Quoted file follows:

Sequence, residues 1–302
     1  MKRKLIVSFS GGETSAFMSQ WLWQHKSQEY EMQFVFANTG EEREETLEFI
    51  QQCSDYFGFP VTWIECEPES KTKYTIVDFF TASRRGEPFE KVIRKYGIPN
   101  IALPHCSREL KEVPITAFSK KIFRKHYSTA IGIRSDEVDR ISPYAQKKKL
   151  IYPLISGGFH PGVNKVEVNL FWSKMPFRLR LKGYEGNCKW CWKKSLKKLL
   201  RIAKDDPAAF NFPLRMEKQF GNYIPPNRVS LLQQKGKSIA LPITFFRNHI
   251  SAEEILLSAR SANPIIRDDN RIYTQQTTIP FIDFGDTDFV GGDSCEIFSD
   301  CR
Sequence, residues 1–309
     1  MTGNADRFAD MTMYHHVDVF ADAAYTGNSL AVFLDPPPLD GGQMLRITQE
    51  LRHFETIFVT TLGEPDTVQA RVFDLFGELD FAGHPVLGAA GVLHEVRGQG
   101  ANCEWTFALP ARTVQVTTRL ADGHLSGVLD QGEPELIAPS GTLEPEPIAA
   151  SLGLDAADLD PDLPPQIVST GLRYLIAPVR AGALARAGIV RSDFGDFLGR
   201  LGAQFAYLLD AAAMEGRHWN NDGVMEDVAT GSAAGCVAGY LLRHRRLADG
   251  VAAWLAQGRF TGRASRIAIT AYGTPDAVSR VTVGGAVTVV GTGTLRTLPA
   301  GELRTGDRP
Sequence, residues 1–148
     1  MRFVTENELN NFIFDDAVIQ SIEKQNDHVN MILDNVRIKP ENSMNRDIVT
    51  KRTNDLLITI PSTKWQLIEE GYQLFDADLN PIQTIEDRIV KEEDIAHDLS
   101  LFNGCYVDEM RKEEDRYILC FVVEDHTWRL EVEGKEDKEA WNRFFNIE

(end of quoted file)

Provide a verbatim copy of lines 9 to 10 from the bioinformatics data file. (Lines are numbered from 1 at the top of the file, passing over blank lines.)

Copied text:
Sequence, residues 1–309
     1  MTGNADRFAD MTMYHHVDVF ADAAYTGNSL AVFLDPPPLD GGQMLRITQE